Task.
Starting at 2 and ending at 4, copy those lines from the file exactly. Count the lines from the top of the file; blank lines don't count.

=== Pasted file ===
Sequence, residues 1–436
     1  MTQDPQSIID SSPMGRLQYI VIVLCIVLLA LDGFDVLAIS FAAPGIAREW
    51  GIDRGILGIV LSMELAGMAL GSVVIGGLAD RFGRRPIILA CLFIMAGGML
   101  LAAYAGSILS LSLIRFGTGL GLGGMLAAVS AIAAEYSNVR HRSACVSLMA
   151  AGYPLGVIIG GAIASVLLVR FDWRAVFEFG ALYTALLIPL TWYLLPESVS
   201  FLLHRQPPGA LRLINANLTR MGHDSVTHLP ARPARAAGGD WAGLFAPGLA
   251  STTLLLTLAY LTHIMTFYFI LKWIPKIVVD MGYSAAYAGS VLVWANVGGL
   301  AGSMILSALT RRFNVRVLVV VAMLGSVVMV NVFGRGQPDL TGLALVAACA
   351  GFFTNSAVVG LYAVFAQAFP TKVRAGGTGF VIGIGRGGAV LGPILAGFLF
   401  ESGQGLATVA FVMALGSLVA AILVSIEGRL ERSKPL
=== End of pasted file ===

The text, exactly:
     1  MTQDPQSIID SSPMGRLQYI VIVLCIVLLA LDGFDVLAIS FAAPGIAREW
    51  GIDRGILGIV LSMELAGMAL GSVVIGGLAD RFGRRPIILA CLFIMAGGML
   101  LAAYAGSILS LSLIRFGTGL GLGGMLAAVS AIAAEYSNVR HRSACVSLMA